“You’re never too old to set another goal or to dream a new dream.” – C.S. Lewis
You might be surprised to learn that older workers—those who are at or approaching the traditional retirement age of 65—are the fastest-growing segment of the American workforce. And with the number of people age 65 and older projected to increase by an astonishing 66% between now and 2035, the trend will continue. The explosive growth of this segment of the population is being fueled by the sheer size of the Baby Boomer demographic coupled with today’s longer, healthier life spans.
If you’re looking to expand your workforce, older workers have a lot to offer. These veterans bring with them a lifetime of skills and they can be highly motivated, productive members of the workplace, according to recent studies conducted by professors at the Wharton School of Business. Their research identified a number of areas in which older workers excel and bring value to the workplace, including:
- Maturity that comes from years of life and work experience and makes for workers who get less flustered when problems arise.
- Reliability is a given for older workers. Despite their advanced age, research shows they are less absent and less tardy than their younger counterparts.
- A sense of accomplishment has become increasingly hard to find among younger employees. Older employees more willingly stay later to get the job done because of their sense of pride in the final product.
- Honesty is common among older workers. The values of this demographic group tend to include personal integrity and a dedication to the truth.
- Communication skills evolve through years of experience. Older workers are familiar with workplace politics and know how to diplomatically convey their ideas.
If you have an older workforce in place, how you can most effectively utilize their talents?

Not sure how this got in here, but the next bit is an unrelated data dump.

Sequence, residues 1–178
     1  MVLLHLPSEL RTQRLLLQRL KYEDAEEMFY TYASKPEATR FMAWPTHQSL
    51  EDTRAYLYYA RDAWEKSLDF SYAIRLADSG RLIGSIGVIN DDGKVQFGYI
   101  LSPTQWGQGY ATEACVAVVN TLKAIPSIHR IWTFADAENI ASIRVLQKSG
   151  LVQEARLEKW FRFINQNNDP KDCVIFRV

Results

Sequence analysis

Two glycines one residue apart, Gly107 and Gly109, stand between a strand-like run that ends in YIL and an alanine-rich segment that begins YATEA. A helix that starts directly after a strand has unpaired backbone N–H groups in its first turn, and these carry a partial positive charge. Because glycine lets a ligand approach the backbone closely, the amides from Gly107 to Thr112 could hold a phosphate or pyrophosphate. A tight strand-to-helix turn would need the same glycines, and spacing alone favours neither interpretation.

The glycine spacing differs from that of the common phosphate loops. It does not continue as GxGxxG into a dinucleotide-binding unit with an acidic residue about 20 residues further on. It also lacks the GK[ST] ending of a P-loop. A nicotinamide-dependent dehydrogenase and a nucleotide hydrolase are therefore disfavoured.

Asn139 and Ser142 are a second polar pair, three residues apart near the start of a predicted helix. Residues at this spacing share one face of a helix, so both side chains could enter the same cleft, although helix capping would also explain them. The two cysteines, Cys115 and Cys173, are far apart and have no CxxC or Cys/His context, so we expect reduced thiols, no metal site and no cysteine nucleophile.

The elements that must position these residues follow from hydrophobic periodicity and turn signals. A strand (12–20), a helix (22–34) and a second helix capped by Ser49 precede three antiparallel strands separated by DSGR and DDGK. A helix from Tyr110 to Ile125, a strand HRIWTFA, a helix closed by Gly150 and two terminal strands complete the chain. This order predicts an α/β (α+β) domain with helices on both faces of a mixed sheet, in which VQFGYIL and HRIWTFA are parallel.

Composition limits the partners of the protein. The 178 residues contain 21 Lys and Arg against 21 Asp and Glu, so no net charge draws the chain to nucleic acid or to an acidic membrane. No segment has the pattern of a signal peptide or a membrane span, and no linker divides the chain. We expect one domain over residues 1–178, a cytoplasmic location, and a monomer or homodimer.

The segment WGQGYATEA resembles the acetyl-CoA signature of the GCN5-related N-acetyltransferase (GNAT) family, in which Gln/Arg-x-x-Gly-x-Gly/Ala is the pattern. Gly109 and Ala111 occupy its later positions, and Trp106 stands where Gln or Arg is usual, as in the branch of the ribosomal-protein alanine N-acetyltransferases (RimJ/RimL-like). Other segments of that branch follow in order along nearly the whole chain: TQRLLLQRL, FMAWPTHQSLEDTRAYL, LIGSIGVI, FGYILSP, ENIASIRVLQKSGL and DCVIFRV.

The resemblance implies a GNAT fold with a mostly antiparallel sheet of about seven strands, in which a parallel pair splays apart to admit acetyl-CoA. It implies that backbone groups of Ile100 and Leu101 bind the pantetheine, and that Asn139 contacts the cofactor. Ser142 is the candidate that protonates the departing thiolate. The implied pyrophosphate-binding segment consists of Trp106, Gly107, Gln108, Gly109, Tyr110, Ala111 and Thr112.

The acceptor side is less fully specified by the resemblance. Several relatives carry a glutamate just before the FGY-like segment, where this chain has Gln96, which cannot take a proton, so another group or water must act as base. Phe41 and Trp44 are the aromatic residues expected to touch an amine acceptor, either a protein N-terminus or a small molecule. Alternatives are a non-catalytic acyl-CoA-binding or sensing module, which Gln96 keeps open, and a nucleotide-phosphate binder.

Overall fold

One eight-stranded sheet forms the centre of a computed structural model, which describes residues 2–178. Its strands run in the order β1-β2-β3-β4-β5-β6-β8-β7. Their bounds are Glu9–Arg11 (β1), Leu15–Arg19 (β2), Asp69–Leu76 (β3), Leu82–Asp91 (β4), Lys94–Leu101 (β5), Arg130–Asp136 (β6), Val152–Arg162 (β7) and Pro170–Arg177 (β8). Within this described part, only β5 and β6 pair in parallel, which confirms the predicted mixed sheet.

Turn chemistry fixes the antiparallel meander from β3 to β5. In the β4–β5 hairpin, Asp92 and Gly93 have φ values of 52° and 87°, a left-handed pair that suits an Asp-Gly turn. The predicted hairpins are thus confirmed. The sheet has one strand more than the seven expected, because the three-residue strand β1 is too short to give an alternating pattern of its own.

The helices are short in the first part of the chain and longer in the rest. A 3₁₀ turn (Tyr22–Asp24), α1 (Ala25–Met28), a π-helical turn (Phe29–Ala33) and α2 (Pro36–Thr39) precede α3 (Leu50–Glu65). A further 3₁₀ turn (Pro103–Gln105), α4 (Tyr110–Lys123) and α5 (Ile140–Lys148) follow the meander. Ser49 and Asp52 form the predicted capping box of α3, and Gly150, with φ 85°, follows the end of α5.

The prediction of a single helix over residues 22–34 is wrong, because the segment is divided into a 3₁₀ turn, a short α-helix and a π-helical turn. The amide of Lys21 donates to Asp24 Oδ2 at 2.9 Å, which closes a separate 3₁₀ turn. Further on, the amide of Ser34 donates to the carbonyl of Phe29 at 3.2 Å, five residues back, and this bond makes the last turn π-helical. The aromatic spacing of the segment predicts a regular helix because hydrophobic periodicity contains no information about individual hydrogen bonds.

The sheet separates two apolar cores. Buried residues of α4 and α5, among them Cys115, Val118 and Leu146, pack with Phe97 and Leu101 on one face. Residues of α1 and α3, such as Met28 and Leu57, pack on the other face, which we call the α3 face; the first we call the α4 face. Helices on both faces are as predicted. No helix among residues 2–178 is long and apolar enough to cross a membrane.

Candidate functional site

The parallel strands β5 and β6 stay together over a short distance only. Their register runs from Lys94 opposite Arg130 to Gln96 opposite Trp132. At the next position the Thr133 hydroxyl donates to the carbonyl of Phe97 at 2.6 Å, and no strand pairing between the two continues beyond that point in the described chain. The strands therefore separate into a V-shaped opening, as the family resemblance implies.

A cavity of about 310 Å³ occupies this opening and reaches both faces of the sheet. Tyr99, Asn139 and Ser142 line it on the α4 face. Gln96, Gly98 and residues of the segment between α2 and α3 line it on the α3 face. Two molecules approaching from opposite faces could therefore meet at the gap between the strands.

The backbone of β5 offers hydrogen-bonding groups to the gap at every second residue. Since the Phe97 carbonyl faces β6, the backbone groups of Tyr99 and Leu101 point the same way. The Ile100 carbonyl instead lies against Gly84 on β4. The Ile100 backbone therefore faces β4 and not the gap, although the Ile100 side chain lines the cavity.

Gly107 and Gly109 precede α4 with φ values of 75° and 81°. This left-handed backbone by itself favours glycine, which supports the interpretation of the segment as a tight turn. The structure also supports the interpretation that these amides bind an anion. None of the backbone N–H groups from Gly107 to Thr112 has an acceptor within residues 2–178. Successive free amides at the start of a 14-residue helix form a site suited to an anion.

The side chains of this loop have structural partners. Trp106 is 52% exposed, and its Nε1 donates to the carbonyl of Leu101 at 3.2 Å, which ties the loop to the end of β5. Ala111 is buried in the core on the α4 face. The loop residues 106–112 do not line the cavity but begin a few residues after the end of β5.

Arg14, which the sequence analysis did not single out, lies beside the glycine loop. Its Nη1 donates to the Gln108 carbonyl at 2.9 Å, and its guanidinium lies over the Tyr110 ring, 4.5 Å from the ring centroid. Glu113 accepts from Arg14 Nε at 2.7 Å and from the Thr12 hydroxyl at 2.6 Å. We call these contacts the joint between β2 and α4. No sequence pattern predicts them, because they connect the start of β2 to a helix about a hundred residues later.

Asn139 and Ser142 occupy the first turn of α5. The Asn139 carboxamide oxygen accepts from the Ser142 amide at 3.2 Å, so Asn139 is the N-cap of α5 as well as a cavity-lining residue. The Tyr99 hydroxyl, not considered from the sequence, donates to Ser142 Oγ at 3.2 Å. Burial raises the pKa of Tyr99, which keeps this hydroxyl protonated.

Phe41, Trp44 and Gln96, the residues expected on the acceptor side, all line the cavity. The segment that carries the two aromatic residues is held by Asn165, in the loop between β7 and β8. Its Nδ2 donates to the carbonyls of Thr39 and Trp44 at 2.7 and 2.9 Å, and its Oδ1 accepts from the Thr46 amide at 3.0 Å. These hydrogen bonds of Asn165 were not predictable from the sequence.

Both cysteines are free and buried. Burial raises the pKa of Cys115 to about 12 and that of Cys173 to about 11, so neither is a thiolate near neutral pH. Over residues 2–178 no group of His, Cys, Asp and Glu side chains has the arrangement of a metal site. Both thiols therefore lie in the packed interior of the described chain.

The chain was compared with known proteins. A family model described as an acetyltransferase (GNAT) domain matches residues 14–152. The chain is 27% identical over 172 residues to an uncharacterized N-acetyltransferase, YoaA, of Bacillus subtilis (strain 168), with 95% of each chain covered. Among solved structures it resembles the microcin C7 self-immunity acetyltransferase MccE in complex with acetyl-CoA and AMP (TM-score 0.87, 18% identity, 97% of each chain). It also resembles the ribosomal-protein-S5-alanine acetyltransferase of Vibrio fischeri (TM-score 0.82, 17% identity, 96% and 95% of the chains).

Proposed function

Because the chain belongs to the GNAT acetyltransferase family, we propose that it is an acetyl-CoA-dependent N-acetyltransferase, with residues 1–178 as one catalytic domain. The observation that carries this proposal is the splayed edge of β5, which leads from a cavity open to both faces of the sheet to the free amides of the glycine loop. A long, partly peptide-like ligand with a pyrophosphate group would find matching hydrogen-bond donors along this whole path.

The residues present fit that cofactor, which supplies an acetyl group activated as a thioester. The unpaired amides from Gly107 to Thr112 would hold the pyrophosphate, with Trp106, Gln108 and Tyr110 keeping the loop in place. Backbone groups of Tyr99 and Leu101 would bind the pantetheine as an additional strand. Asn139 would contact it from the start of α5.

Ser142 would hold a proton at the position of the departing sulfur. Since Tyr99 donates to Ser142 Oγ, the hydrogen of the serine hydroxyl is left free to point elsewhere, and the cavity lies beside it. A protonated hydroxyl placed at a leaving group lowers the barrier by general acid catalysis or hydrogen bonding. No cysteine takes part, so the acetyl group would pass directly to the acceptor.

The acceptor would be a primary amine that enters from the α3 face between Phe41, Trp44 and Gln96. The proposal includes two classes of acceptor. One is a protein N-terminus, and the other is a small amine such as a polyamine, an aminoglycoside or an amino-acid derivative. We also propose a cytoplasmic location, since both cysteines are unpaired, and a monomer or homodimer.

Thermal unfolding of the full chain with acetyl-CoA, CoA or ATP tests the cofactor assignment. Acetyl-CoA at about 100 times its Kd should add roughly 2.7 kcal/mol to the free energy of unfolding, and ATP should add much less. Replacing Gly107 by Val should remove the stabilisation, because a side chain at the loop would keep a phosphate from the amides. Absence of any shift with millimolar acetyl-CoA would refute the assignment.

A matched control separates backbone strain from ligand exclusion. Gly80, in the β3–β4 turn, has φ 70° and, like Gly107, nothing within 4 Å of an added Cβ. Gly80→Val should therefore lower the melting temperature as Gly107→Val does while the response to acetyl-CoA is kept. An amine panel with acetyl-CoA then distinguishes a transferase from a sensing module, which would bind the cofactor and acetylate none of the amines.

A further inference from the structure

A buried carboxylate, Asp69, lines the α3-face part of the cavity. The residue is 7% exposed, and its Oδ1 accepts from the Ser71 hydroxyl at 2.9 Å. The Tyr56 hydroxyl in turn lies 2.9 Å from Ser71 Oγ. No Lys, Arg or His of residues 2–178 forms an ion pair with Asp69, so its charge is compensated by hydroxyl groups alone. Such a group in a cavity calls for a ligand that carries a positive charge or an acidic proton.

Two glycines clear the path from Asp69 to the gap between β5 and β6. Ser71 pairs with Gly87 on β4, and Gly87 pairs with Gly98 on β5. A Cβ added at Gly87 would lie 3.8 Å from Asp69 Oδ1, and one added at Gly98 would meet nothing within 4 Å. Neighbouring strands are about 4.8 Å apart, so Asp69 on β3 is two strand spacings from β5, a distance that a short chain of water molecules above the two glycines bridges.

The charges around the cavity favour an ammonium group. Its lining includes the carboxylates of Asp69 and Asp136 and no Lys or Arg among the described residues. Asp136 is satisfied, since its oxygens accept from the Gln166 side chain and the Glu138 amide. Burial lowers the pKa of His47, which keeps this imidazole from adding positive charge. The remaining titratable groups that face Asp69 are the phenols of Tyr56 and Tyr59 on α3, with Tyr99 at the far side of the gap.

- Build a “generational bridge”. By improving collaboration and communication, you can help clear up misconceptions and lessen conflicts between workers of different generations. You can do this by creating opportunities for employees of different ages to work together on certain projects, and training managers to adjust their leadership styles for various target audiences.
- Recognize the experience of older workers. Everyone wants their expertise to be appreciated and it’s even more important for your older employees. Disregarding their lifetime of experience can be demeaning.
- Look ahead and plan for the future. Identify the skills that will be most needed in your organization and create new roles and career paths for mature workers to fill them.
- Review your recruitment practices. Having policies in place that encourage diversity and inclusion will help attract mature workers. Ensure that your firm’s jobs, promotions, and training opportunities are available and accessible to everyone, including seniors.
Each generation brings its unique assets to the workplace. When it comes to older workers, their experience and emotional intelligence adds a layer of wisdom that can only be acquired with time.
About The HR Team: Founded in 1996, The HR Team is a Maryland-based human resources outsourcing firm committed to developing strategic, customized solutions that respond to the unique needs and cultures of organizations of all types and sizes. Available as a one-source alternative to an in-house HR department or on an à la carte project basis, the company’s flexible service models address the full spectrum of HR needs that many organizations struggle to address. The HR Team helps clients achieve their highest level of success by providing value-driven human resources services that leave them time to focus on what they do best: directing business growth and profitability. To learn more about The HR Team, call 410.381.9700 or visit www.thehrteam.com.